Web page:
Go back just a short distance in time to peer at iconic moments in 20th Century art, from the obvious, such as images captured by Andy Warhol, to the heyday of Broadway and the new pulse put out by Elvis and others who had a different kind of musical attitude.

Million Dollar Quartet, plays at the Colonial Theatre through October 20th.

On December 4, 1956, four young rock ‘n’ roll icons—Elvis Presley, Johnny Cash, Jerry Lee Lewis and Carl Perkins –were gathered together by Sam Phillips, the “Father of Rock ’n’ Roll”, at Sun Records in Memphis for what would be one of the greatest jam sessions of all time. This thrilling musical brings you inside the recording studio with those four major talents who were red-hot as a rock ‘n’ roll band for one unforgettable night.

Baritones Unbound,Presented by ArtsEmerson it plays at the Paramount Center Mainstage through October 20th.

Three dynamite baritones take the stage to give us a captivating musical tour of the baritone voice throughout history. Veteran singers Jeff Mattsey and Ben Davis join Broadway's Marc Kudisch in an illuminating performance studded with classics from Broadway, opera and beyond.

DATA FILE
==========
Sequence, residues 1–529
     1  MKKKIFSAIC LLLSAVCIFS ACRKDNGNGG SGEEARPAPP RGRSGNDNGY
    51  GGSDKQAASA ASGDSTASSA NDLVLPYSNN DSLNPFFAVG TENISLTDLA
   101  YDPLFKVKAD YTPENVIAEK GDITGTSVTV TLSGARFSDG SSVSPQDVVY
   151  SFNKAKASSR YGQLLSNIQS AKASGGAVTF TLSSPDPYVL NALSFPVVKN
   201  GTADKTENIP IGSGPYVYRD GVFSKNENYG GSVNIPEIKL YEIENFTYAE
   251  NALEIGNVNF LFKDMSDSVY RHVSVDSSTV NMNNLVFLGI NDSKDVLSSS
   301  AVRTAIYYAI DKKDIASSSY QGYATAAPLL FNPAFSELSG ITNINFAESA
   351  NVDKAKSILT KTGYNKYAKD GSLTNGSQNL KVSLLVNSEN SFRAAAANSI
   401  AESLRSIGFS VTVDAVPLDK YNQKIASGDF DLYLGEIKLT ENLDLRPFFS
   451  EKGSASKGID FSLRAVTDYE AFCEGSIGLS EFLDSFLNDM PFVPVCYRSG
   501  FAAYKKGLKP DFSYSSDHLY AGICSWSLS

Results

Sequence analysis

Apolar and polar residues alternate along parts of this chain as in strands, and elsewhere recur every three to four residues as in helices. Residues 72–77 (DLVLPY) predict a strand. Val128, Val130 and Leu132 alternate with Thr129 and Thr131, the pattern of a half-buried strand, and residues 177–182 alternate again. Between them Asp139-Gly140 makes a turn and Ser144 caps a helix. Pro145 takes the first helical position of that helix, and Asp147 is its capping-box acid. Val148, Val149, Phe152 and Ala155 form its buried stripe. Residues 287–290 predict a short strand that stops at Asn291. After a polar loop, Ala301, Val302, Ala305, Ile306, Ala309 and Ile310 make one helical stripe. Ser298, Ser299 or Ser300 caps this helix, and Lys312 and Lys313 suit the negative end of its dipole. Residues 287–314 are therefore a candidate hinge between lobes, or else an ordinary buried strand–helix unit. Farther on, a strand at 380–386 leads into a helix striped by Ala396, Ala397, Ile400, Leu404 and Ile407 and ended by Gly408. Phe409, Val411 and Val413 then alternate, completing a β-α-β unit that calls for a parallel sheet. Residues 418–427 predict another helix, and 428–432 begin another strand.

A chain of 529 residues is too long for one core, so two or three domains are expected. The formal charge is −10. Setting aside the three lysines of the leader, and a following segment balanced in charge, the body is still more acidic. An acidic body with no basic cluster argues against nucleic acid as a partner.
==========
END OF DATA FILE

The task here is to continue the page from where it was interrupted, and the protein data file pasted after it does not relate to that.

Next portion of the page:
Image Machine: Andy Warhol and Photography, on view at The Rose Art Museum at Brandeis University through December 15th.

Iconic American artist Andy Warhol (1928 – 1987) created much of his art from photographs—those he collected from mass media and those he shot himself. Image Machine, which is drawn largely from the Rose Art Museum’s permanent collection, focuses on how Warhol used photography throughout his career as source material, medium, and subject matter. The phrase “image machine” refers to both the artist himself—he produced tens of thousands of photographs over his lifetime—and the technologies he employed. Warhol adopted the image-making machines of popular culture, including still cameras, movie cameras, and commercial silkscreen printing. 

This week on Open Studio:

Jared tours the stunning photography exhibit She Who Tells A Story: Women Photographers from Iran and the Arab World, currently on view at the MFA; a conversation with Peter and Paula Lunder, whose gift to the Colby College Museum of Art has transformed the Maine arts scene; rediscovering the power of the baritone in Arts Emerson's Baritones Unbound; and a look at the dance and choreography of the incomparable Bill T. Jones.